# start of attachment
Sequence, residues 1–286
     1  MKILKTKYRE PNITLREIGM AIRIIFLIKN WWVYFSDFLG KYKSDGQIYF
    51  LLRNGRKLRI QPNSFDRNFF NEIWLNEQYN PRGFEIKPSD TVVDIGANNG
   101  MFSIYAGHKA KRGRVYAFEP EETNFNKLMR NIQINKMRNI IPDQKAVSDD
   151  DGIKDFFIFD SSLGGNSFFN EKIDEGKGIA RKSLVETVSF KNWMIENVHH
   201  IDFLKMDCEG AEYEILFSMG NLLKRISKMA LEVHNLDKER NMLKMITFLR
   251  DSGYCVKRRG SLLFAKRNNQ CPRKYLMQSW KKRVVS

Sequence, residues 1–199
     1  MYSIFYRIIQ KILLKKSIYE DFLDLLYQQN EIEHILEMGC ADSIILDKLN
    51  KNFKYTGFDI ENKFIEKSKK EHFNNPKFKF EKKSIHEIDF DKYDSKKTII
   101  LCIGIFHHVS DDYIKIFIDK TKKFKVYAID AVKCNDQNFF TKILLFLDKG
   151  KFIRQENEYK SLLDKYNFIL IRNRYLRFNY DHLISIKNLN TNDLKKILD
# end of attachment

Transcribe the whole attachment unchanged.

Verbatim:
Sequence, residues 1–286
     1  MKILKTKYRE PNITLREIGM AIRIIFLIKN WWVYFSDFLG KYKSDGQIYF
    51  LLRNGRKLRI QPNSFDRNFF NEIWLNEQYN PRGFEIKPSD TVVDIGANNG
   101  MFSIYAGHKA KRGRVYAFEP EETNFNKLMR NIQINKMRNI IPDQKAVSDD
   151  DGIKDFFIFD SSLGGNSFFN EKIDEGKGIA RKSLVETVSF KNWMIENVHH
   201  IDFLKMDCEG AEYEILFSMG NLLKRISKMA LEVHNLDKER NMLKMITFLR
   251  DSGYCVKRRG SLLFAKRNNQ CPRKYLMQSW KKRVVS

Sequence, residues 1–199
     1  MYSIFYRIIQ KILLKKSIYE DFLDLLYQQN EIEHILEMGC ADSIILDKLN
    51  KNFKYTGFDI ENKFIEKSKK EHFNNPKFKF EKKSIHEIDF DKYDSKKTII
   101  LCIGIFHHVS DDYIKIFIDK TKKFKVYAID AVKCNDQNFF TKILLFLDKG
   151  KFIRQENEYK SLLDKYNFIL IRNRYLRFNY DHLISIKNLN TNDLKKILD